There are no angels in Mark Rothko’s work: only the ascendancy of glorious color.
There is little for the audience to take away from Red, except the anecdotal dramatization of an event inspired by Mark Rothko’s career.
Biographer Annie Cohen-Solal is perhaps strongest on one thread of Mark Rothko’s narrative: his experience as a Jewish immigrant.
Harvard’s team of magicians have brought the Rothko murals back to life.
The Arts Fuse is pleased to announce that “In a Room With Rothko,” by Anthony Wallace, posted last year, was awarded a Pushcart Prize Special Mention in the Pushcart Prize XXXVIII Best of the Small Presses (Norton & Co, 2013).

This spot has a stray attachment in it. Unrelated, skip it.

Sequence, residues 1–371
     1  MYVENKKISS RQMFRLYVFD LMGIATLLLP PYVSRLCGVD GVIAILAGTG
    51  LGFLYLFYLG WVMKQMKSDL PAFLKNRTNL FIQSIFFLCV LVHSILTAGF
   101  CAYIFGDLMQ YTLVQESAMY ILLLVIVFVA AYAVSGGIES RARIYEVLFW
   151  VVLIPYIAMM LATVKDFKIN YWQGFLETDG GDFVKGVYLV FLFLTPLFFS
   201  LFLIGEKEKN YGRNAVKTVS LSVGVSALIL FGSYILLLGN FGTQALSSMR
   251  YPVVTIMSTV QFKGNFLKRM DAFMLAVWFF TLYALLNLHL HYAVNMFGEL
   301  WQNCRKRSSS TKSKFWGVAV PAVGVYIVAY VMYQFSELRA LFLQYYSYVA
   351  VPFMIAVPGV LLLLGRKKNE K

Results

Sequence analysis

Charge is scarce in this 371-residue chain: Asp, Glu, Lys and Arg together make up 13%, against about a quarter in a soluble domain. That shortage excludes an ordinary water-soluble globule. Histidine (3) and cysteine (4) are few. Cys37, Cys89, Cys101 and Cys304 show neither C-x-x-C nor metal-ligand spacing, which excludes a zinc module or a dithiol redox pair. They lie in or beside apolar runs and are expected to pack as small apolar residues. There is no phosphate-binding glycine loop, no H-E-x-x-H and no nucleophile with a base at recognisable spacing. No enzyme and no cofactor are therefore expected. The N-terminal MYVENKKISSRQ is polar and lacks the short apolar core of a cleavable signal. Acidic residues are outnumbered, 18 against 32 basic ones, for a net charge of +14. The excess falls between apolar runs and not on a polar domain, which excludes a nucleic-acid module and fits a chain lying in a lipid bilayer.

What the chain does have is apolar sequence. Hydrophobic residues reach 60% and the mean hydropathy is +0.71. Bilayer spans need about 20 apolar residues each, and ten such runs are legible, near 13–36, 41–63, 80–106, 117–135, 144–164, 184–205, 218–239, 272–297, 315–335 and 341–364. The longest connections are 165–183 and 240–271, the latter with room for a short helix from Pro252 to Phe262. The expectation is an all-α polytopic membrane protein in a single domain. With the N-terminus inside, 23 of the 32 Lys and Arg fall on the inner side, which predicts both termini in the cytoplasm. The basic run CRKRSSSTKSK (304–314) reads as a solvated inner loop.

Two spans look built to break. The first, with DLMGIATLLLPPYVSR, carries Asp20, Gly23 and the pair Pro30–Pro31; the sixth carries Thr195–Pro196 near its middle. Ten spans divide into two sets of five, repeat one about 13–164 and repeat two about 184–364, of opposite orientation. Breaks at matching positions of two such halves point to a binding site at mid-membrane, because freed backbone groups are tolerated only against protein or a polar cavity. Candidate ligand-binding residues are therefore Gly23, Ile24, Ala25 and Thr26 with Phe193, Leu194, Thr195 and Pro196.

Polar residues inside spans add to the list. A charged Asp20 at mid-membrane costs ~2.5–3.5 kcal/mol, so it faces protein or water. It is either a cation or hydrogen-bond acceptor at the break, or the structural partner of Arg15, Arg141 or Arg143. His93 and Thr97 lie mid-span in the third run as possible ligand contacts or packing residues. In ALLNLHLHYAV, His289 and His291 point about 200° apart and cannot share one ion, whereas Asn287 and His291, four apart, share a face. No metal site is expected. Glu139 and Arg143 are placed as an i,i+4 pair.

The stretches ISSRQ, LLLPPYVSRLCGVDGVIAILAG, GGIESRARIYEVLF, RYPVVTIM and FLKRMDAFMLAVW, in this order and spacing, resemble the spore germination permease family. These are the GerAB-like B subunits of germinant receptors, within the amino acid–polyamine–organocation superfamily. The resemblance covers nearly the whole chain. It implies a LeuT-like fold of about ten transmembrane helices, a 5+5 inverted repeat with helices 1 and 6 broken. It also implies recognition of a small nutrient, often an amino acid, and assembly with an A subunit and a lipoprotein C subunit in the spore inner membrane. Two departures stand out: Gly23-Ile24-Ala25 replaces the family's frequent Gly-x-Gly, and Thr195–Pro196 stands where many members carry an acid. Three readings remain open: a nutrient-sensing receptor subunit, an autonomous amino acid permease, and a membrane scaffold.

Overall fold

Arts Fuse Critic (and visual artist) Franklin Einspruch reviews “Red,” a drama about Mark Rothko, and doesn’t like what he sees.
“Red” is about creativity and destruction, Apollonian rigor and Dionysian instinct, fathers and sons, love and rejection, life and death.
“Red” is a drama about the modern artist and his place in art history: at its center, painter Mark Rothko confronts fame and the commoditization of creativity in the world of contemporary art.